One of the oldest controversies in online gaming is the re-selling of in game merchandise. Ever since the days of EverQuest to the present World of Warcraft phenomena, selling your hard earned, in-game items has been a somewhat dubious profession. EBay is putting the brakes on such practices however.
The practice known as RMT (Real Money Transfer), is usually discouraged by game publishers because it involves selling intellectual property which may in fact belong to game publishers and not the players themselves.
A spokesman for eBay, Hani Durzy, recently told SlashDot that eBay has made the decision for “the overall health of the marketplace.” Mr. Durzy also said that the selling of virtual items involved “legal complexities.” Mr. Durzy also cited eBay’s existing digital goods policy, which states that a seller ” must be the owner of the underlying intellectual property, or authorized to distribute it by the intellectual property owner.” Obviously this precludes most sales of in-game items by game players as the items do not actually belong to them.
This may have serious ramifications for people who make a living off of selling items and money from various games like World of Warcraft. Many people use eBay mainly because it has a very good system for preventing fraud and ensuring payments and successful fulfillment of contracts. There exist other sites like IGE, which exist explicitly to traffic in goods for MMORPGs.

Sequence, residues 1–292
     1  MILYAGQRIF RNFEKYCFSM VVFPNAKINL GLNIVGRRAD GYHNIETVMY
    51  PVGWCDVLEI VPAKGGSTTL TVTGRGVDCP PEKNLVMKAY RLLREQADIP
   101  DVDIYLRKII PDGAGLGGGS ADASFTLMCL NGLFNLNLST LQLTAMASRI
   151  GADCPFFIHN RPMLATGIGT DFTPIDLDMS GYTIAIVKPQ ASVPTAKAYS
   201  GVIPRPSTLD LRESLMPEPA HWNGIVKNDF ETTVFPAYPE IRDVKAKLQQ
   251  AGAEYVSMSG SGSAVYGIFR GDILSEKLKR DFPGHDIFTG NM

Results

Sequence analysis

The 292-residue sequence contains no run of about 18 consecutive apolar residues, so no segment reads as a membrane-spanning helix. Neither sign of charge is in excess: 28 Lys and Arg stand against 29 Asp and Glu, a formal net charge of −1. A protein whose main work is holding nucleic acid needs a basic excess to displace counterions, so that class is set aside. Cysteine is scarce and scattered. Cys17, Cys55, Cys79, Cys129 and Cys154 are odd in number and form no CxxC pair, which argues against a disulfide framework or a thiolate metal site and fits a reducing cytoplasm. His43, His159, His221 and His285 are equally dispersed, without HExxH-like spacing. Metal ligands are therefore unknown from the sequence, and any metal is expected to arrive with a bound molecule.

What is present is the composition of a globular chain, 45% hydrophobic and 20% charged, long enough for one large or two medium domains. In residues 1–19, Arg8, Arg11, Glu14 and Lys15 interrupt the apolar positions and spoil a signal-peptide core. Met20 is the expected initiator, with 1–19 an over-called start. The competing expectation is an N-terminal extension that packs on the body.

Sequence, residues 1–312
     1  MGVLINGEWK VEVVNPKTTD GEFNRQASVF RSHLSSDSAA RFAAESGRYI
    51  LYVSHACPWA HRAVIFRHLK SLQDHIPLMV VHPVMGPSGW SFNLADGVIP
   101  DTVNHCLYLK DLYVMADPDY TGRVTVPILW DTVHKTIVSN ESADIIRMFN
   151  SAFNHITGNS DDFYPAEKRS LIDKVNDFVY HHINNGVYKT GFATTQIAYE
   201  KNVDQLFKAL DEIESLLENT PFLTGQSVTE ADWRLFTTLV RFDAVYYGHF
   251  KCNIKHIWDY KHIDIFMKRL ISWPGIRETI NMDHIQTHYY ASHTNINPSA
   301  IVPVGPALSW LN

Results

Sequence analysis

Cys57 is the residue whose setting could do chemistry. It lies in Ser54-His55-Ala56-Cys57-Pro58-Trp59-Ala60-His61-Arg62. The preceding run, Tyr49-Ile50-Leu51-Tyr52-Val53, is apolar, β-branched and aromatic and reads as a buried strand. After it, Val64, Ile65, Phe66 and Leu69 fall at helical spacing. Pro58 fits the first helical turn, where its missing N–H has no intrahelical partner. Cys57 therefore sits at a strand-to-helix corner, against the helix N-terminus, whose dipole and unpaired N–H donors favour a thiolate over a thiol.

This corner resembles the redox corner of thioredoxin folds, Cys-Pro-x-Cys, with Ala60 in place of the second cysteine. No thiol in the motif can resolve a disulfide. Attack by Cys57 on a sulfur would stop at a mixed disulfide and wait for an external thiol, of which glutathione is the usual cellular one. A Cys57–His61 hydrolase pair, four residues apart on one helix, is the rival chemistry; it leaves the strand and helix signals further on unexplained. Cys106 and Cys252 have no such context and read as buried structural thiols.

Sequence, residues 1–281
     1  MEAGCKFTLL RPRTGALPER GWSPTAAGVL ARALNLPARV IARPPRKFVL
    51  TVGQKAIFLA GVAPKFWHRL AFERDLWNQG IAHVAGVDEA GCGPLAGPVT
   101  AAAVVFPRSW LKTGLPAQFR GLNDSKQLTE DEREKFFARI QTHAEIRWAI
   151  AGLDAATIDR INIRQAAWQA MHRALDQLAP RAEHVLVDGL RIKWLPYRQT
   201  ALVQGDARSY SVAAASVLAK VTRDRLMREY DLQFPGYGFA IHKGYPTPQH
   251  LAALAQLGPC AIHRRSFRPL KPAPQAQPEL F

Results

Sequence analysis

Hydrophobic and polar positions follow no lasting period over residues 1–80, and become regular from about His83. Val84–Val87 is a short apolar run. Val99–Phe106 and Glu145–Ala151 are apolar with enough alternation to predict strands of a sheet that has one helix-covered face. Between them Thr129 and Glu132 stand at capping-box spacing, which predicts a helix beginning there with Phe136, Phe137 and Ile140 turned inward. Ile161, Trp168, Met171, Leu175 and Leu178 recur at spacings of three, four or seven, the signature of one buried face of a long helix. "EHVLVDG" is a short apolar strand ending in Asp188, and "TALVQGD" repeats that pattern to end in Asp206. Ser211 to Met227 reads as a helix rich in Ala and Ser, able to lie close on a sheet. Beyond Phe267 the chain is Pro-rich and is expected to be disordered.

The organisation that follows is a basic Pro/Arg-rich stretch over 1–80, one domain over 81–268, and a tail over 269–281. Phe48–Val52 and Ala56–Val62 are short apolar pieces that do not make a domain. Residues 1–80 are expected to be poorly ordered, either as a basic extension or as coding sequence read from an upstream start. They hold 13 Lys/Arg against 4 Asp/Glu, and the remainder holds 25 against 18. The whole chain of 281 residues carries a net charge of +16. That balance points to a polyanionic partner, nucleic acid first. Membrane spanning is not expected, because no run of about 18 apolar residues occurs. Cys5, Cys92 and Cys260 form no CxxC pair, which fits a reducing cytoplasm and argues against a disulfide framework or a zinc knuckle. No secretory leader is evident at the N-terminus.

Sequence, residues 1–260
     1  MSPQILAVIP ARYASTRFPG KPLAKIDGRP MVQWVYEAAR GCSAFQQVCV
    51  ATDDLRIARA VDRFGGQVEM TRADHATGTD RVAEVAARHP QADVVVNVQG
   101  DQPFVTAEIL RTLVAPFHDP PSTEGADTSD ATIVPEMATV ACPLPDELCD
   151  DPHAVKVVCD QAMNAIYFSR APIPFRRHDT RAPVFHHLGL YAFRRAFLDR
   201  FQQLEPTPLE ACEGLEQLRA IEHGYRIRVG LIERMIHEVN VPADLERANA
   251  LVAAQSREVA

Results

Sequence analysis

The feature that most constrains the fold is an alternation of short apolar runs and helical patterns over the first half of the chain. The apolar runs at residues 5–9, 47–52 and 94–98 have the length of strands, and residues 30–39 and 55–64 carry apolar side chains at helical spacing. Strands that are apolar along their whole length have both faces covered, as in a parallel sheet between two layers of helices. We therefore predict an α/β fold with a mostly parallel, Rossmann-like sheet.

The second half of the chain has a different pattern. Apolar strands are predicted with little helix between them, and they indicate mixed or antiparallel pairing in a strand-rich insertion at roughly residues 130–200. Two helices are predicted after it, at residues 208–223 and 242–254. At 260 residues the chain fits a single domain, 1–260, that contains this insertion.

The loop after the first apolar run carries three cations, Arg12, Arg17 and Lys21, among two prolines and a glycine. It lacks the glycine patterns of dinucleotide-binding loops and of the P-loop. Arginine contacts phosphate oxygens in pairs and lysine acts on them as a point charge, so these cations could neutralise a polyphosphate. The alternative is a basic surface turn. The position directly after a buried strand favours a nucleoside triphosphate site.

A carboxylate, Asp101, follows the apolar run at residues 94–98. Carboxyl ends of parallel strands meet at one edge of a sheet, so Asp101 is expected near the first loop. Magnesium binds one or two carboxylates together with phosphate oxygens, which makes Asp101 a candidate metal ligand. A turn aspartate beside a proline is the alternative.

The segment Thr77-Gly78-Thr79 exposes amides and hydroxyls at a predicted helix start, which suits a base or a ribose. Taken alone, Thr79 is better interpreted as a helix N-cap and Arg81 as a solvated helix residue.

The move only affects games and, at this point, life simulators like Second Life are exempt. Linden Labs, the publisher of Second Life, does not impose the same restrictions that Blizzard, the publisher of World of Warcraft, does. Therefore participants in Second Life can sell goods and services as they see fit.
Still some third world countries harbor “gold farms” where low wage workers play online games all day to earn gold and equipment that is later sold on eBay. The move by eBay may seriously hamper the profitability of those operations and other online auctions sites do not have eBay’s large user base which might decrease the number of consumers for such services.
The virtual economy is so large that South Korea has considered legislation to regulate the industry. Time will tell if the move by eBay seriously deters the practice.